Shade in the garden it is usually categorized as follows:
When gardening in the shade you have an array of flowering annuals, perennials, bulbs, sages, and woodland plants to choose from. In light shade you might even be able to grow a few herbs or leafy vegetables. . Some examples of shade-tolerant vegetables include: arugula, chard, bok choy, lettuce, carrots, parsnips, beets, peas, spinach. Also, herbs such as thyme, lemon balm, parsley, marjoram, oregano, mint, etc.
Although partially or lightly shaded areas receive direct sunlight for only a small portion of the day, light intensity is still quite bright. There are numerous plant choices you can make in these locations, though by no means as many as are possible with five or more hours of direct, full sunlight.
Light is not the only major concern when gardening in shady areas. Frequently, inadequate moisture can be a problem. The thick canopy of a large tree or the overhang of a house will act as an umbrella, deflecting rainfall away from the ground directly beneath it. Worse yet, trees and shrubs will compete with smaller plants for every drop of moisture that reaches the ground. It is vital that plants growing in the shade of large trees and shrubs, or sheltered by your home or garage, be watered regularly even during times of seemingly adequate rainfall.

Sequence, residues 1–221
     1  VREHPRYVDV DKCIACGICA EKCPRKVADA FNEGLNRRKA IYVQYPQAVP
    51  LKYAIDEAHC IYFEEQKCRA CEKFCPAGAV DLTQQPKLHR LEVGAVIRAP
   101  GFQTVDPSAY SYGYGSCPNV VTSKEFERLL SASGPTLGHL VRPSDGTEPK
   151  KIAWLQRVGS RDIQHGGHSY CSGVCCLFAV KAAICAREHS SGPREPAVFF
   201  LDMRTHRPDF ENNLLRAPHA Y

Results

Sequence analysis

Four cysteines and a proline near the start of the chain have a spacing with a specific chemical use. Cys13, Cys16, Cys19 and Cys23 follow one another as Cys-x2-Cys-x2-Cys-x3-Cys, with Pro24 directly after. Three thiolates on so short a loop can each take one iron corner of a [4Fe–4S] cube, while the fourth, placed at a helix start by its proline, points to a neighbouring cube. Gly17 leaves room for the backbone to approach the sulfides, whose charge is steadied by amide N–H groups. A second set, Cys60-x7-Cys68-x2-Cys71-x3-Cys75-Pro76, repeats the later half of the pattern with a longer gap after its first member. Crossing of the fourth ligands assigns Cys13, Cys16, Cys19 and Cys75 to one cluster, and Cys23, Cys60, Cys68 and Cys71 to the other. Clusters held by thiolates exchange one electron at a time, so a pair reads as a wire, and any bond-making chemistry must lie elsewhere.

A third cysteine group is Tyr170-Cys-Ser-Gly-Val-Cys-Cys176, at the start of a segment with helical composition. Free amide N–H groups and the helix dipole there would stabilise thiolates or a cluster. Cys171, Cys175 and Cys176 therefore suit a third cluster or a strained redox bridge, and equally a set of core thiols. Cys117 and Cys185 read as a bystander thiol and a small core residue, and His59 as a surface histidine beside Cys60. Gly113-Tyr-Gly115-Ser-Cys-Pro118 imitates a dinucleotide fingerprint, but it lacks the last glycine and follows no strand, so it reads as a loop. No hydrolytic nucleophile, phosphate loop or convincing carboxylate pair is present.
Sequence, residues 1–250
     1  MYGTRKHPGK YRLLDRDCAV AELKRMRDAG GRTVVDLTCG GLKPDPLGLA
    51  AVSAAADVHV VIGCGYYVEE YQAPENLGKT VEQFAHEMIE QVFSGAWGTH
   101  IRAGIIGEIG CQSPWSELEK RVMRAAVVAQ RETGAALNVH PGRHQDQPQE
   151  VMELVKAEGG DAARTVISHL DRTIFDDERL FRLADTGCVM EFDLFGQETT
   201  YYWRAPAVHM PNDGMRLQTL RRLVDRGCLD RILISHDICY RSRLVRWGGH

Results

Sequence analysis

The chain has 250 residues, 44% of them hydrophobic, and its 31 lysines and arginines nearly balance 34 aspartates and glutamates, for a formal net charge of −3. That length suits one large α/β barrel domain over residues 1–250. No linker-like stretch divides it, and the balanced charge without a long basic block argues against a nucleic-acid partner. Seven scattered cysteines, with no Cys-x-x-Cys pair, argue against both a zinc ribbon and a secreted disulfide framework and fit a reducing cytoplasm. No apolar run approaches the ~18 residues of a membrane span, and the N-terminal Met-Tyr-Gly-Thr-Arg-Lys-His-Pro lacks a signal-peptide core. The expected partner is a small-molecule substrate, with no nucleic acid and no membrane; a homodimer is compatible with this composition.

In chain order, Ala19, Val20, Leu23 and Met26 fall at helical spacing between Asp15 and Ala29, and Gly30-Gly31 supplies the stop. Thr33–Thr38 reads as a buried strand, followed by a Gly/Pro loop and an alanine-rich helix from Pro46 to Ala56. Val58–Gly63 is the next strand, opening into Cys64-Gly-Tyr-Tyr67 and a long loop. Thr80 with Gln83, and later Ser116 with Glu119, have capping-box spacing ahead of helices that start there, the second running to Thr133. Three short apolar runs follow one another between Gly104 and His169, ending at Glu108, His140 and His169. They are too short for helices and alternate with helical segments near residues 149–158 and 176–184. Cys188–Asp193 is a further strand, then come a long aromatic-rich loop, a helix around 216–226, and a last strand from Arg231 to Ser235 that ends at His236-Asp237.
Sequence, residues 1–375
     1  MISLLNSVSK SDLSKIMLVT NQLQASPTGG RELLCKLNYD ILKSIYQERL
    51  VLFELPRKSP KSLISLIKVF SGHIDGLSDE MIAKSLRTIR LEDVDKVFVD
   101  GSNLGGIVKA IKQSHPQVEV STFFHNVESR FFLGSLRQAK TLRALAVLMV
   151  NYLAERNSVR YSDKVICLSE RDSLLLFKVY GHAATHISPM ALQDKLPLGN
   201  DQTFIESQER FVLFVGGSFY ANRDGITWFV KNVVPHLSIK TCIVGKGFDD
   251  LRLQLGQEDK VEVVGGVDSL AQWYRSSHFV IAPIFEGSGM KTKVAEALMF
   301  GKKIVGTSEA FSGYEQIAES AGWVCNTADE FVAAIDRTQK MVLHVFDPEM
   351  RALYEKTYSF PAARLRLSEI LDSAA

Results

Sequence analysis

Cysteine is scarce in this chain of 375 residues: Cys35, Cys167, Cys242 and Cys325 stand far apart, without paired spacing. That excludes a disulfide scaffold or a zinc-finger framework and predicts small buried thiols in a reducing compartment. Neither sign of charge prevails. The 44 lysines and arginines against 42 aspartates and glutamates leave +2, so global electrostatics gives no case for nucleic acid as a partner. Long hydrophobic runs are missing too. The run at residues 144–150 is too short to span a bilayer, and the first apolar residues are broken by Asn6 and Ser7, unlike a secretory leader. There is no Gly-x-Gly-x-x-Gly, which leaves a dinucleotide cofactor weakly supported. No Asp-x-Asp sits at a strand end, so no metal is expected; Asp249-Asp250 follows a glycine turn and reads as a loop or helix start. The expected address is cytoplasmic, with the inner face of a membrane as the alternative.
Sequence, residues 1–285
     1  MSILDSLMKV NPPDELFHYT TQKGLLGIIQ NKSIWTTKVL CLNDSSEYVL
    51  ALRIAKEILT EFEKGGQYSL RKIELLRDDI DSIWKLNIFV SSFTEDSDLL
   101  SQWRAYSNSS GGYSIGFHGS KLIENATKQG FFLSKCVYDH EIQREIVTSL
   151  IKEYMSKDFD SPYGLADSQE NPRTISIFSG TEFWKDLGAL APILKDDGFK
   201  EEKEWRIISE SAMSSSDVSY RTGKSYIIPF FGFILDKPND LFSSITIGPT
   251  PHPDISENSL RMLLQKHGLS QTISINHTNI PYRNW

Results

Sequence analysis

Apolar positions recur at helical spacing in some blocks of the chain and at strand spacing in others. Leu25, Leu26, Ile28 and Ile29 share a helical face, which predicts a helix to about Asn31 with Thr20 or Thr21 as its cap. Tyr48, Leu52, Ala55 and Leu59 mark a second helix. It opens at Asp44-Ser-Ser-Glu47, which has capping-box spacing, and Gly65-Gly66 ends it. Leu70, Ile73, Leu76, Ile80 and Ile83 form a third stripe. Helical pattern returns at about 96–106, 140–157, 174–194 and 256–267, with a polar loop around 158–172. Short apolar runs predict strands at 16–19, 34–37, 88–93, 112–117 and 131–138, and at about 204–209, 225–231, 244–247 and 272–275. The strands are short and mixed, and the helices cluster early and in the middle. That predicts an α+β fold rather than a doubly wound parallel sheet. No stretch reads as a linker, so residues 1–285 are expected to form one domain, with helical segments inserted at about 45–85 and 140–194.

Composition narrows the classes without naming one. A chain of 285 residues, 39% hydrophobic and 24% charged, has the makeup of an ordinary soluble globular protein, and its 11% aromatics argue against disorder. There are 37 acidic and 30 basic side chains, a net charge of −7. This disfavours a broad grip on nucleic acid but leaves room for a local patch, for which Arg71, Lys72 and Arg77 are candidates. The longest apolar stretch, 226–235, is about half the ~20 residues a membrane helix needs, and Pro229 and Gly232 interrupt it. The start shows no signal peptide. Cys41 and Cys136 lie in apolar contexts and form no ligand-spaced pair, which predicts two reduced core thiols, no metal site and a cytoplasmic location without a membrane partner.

Soil fertility also can be a source of trouble. Trees and shrubs fill the soil with feeder roots that greedily use up nutrients as readily as they are applied. It often seems that the more you water and fertilize the more roots with which you have to contend. Yet adequate fertility is an absolute must for all your plants because without it they are bound to be small and their growth will be weak. In most cases a spring application of a balanced fertilizer, followed by one or two applications as the season progresses, will help your shade plants survive the competition of tree and shrub roots. If root competition is a serious problem, planting in containers above ground is a viable alternative. Containers should be replanted each spring with annuals, since bulbs or perennials cannot be expected to survive winter's cold.
With few exceptions shade-tolerant plants will do best in well-drained, relatively fertile soil. Both sandy soils and heavy, clay like soils will benefit from the incorporation of organic matter such as peat moss, compost, or well-rotted manure.
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